Suppose my boss's name is John Smith and in person I address him as "John". Is it better to start the email saying

Hi Mr. Smith

or simply

Hi John

I know it's somewhat minor, but I want to avoid being too informal. I appreciate any tips or advice.

  • 17
    It might help others answer your question if you include more details: culture, your position, your boss's position, your relationship with your boss, etc.
    – Nicole
    Jun 3, 2012 at 22:55
  • 3
    TBH, anybody expecting me to call them Mr Smith had better be calling me Mr Trinder...
    – Matt
    Mar 27, 2014 at 0:15
  • 2
    The answer to this will vary wildly according to any number of factors about which you've given us precisely zero information. Oct 10, 2014 at 22:30

5 Answers 5


As you use "John" in person I'd go with that in the e-mail.

The only exception I consider making is if the e-mail is a formal one - something as serious as resigning or an official complaint - then I'd use "Mr. Smith".

For anything else - holiday requests etc. stick with the less formal greeting.

  • 1
    Exactly...refer to them like you would in person/on the phone.
    – Rarity
    Jun 4, 2012 at 0:38

It depends entirely on your boss. I have no problem when my staff do that, but I have worked for people who would not be happy.

You should probably ask your boss directly what they would prefer, and probably even what their advice is for how to handle this in future. (They are, after all, way more expert than you in how your industry works.)


If you want the greeting to be more formal, while not very formal, you should go with "Dear" instead of "Hi" because this give more respect to the recipient, implying your subordinate-boss relationship.

Usually, it is enough to use the First name otherwise it would be too formal and implies that you two barely know each other - which is not the case here.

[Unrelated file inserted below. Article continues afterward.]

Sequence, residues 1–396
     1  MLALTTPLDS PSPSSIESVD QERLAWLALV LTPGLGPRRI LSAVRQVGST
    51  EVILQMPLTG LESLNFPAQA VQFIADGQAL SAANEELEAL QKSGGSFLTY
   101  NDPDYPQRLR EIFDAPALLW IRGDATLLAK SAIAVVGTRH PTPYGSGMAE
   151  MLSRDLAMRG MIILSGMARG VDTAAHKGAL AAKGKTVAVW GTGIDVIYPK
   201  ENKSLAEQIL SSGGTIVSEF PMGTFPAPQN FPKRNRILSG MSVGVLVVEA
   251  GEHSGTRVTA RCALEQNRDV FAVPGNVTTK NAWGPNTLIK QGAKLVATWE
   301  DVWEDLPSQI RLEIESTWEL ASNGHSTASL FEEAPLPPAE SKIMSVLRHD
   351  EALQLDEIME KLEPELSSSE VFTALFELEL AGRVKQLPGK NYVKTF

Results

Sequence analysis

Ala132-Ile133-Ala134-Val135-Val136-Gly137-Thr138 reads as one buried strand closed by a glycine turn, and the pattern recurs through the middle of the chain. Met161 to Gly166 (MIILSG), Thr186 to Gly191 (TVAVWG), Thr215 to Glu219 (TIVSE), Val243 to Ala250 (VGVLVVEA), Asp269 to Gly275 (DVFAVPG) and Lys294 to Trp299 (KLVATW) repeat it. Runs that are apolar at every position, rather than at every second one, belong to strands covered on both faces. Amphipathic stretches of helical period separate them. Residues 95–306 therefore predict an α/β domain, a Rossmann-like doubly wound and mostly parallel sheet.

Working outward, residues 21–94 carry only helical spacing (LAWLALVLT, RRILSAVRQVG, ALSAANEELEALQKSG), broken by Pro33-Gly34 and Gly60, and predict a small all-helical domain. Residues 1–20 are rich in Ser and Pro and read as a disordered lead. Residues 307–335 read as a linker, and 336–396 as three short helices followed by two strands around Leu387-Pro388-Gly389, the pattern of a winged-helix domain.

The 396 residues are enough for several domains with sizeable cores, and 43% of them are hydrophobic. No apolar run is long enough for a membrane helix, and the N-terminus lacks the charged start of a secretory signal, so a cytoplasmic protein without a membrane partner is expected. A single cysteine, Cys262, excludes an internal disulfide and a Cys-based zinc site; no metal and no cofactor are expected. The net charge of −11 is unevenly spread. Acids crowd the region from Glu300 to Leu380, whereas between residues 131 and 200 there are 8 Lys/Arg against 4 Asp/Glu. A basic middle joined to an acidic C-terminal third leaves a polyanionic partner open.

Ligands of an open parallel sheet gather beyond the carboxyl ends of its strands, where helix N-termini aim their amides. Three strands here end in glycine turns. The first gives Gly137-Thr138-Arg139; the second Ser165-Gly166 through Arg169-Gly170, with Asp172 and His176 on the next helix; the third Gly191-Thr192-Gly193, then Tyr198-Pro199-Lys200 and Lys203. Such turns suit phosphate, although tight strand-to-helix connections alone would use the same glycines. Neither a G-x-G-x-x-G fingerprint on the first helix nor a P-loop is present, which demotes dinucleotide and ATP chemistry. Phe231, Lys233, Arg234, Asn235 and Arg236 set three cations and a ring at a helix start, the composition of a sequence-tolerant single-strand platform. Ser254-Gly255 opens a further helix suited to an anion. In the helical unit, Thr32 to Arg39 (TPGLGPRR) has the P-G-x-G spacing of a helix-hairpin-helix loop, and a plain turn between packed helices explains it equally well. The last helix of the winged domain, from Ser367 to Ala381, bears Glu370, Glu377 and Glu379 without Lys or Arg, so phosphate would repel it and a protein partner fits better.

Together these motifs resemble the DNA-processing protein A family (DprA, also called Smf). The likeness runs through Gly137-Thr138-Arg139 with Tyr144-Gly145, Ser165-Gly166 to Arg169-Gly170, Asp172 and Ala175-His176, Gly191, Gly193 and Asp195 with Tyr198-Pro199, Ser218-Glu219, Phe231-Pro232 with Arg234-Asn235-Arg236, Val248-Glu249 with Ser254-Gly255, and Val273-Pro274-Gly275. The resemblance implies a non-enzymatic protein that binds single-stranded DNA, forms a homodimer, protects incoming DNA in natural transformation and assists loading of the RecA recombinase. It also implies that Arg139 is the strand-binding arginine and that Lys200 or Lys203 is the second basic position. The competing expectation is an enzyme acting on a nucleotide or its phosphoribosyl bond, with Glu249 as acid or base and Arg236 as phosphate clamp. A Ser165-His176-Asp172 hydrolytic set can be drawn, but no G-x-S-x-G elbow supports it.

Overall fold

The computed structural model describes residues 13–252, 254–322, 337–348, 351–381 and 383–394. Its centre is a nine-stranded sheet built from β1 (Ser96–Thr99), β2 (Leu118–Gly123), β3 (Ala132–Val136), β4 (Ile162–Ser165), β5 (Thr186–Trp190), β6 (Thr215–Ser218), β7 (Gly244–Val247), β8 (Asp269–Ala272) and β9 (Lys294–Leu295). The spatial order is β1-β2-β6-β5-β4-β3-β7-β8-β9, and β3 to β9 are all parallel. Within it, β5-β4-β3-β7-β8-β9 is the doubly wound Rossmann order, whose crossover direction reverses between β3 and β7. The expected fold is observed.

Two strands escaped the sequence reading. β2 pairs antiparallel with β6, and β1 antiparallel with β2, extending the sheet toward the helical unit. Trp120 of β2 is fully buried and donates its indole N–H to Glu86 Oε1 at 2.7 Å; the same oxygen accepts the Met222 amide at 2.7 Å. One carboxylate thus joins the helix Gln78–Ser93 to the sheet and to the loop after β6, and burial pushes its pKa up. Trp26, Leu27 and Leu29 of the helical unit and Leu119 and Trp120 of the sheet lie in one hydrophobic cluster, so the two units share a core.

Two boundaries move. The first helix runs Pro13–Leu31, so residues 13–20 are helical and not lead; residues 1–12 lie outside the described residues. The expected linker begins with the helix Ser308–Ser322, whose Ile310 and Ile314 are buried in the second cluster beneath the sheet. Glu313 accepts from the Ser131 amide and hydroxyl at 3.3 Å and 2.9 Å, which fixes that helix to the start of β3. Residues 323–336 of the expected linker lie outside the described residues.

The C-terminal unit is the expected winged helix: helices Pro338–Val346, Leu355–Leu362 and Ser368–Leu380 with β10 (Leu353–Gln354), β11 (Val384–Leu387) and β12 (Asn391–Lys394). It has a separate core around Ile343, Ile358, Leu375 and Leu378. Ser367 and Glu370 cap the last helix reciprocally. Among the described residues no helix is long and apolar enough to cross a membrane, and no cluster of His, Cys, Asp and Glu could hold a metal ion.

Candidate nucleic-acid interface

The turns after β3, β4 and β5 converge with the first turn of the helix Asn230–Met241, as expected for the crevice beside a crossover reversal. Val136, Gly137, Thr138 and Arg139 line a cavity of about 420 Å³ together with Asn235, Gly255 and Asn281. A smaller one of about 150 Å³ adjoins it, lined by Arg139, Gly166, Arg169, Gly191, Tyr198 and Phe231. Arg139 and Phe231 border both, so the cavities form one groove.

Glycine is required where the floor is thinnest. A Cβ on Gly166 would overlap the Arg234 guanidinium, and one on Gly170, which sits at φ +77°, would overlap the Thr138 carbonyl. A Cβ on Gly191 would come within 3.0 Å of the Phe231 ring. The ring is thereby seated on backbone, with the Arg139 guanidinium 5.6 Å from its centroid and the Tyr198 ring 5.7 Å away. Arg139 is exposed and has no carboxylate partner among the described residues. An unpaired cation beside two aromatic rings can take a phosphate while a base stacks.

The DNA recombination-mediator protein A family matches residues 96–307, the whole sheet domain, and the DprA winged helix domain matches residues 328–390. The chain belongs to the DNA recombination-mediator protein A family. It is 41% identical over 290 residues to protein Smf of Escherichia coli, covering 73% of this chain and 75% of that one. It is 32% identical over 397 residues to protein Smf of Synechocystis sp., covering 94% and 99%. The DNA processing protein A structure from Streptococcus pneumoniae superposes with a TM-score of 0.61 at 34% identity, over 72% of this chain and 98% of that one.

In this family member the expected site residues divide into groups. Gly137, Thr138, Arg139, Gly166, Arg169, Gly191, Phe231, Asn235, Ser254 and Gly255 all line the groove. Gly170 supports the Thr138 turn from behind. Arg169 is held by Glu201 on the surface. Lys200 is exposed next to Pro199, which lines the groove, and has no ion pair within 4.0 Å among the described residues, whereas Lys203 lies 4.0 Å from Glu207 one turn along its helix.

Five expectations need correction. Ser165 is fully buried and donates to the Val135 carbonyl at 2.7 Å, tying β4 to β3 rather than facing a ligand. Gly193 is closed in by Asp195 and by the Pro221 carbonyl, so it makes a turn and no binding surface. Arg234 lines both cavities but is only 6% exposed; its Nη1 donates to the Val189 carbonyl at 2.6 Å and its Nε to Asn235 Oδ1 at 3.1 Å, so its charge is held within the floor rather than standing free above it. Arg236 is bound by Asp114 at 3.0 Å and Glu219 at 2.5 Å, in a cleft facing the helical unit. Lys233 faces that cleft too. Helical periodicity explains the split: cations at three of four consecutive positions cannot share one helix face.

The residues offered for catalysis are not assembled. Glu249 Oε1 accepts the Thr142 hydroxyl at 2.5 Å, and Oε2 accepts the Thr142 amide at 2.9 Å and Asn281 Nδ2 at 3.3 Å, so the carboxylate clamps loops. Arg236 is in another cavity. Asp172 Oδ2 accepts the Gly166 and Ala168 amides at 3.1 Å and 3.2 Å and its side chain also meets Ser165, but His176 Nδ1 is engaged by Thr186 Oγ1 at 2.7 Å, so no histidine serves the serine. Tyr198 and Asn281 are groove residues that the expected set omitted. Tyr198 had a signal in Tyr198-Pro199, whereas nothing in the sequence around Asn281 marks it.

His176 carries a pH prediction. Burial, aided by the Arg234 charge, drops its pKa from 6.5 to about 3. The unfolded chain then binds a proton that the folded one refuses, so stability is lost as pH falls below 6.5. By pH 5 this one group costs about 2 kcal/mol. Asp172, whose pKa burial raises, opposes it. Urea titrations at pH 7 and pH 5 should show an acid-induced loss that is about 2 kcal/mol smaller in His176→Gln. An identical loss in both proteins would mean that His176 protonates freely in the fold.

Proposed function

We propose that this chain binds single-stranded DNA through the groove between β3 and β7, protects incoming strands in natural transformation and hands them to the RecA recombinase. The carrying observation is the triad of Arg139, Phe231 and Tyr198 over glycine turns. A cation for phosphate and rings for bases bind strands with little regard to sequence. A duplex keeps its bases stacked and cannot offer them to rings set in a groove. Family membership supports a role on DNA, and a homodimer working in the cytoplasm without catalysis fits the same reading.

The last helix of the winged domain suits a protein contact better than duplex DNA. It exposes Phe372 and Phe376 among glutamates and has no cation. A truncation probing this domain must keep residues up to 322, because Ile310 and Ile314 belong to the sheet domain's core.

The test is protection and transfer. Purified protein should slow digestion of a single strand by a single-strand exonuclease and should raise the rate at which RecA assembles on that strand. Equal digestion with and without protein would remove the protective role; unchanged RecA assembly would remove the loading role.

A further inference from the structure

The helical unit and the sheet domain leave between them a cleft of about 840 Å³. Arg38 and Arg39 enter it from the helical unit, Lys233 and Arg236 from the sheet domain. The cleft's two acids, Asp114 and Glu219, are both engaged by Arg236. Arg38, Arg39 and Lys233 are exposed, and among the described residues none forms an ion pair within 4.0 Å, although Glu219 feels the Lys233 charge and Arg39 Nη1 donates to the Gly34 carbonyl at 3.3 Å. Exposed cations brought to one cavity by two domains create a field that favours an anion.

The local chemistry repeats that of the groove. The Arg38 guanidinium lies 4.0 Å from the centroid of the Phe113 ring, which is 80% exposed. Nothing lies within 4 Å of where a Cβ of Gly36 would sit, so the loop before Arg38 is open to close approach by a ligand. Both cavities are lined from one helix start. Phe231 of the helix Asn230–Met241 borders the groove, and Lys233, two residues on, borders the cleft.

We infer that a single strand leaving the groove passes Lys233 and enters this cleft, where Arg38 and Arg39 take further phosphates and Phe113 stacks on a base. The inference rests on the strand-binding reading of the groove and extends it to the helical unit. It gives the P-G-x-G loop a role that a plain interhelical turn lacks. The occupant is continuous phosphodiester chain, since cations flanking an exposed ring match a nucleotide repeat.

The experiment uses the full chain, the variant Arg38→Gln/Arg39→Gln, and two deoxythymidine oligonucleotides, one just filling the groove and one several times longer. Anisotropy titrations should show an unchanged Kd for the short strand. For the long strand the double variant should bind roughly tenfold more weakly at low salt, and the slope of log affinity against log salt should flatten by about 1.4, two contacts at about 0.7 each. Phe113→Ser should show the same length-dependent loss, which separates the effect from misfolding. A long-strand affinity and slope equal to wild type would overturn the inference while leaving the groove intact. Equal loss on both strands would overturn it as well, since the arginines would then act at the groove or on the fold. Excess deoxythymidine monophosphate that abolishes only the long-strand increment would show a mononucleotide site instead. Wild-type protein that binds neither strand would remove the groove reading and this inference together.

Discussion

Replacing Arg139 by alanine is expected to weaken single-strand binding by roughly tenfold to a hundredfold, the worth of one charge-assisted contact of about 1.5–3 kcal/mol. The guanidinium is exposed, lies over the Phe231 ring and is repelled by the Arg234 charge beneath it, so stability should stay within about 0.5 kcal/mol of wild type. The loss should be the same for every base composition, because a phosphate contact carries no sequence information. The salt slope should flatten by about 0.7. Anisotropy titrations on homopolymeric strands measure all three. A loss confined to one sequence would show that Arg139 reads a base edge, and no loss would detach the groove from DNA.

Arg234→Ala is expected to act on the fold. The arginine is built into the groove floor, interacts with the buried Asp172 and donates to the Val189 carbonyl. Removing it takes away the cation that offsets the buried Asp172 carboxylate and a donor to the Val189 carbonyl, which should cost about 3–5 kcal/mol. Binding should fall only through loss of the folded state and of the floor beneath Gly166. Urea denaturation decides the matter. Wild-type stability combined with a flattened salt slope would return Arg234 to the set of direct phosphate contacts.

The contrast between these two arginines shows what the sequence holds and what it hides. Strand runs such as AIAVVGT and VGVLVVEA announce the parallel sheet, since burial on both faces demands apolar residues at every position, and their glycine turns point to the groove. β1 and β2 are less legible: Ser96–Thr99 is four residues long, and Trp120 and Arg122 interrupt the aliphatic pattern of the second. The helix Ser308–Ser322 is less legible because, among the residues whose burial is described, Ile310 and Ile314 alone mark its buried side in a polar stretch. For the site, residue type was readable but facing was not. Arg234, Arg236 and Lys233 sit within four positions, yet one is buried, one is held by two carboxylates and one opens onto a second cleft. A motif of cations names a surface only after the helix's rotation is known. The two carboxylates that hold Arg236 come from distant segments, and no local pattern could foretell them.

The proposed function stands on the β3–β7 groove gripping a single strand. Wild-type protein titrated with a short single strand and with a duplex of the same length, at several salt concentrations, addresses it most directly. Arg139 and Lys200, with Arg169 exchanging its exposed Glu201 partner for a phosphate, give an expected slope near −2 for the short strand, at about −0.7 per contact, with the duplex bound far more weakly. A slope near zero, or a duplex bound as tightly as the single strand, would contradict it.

And you can say "Hi" to any co-worker in the same level with you.

I have been addressing my boss in email like this for 2 years without problem.

  • In some cultures, "Dear" seems overly familiar for business correspondence.
    – arp
    Sep 27, 2022 at 18:03

It depends on the expectations of the individual boss, expectations as adjusted by the company culture and the boss's personality. If in doubt, the simplest and most direct way to find out the answer is to grab some of your co-workers and ask them how they address your boss. This is an instance where guessing is complicated but finding out is simple. When guessing is complicated and finding out is easy and straightforward, just find out.

Having said that, in my official capacities, I plead guilty to dispensing with niceties because of the nature of my job and the nature of the firm's business - "Server XXXX is down and out. Did you have something to do with it?" The reason is obvious, a potentially bad situation is developing and we need to get it under control. Now.


When in doubt, do nowt.

Most of the time you can just flow straight into the email.When a greeting is required, usually just saying "Hi" and ending with "regards" will suffice as this is quite commonplace.

Other than that it depends on your relationship with this person. If you have never talked to them then you should always err on the side of caution and be formal and say Mr or Mrs/Miss/Ms.. so that would be

"Hi Mrs Benjamin." if you don't know her, or "Hi Flo" if you do.

Why act in these ways?

The email is already addressed to the recipient. Each email sent, one to one, the recipient is automatically assigned to be the reader. This is the departure from hand written letters. It is obvious that the email is from the sender and the recipient is a given.

This is one of the unique features of emails being immediate asynchronous communication that is personal via a personal email account. A greeting is used as a vehicle to flow into the actual content of the email.

The actual statement being made, the headers and footers (hi, regards) are just a way of starting and ending the email, and provided these are polite there isn't much thought given to them.

  • 1
    Hi, this answer doesn't really explain why this course of action is good, answers say what to do, great answers say why you should do it! Hope this helps in the future!
    – user5305
    Mar 25, 2014 at 21:50
  • 1
    Hi @WeNeedAnswers, I do think that some of the content you have here is really good, I put a quick edit on it to format it a little to make it easier to read and to make it flow a little better.Putting any animosity aside are you happy that this edit still reflects the information you wanted to convey?
    – user5305
    Mar 27, 2014 at 11:33

You must log in to answer this question.

Not the answer you're looking for? Browse other questions tagged .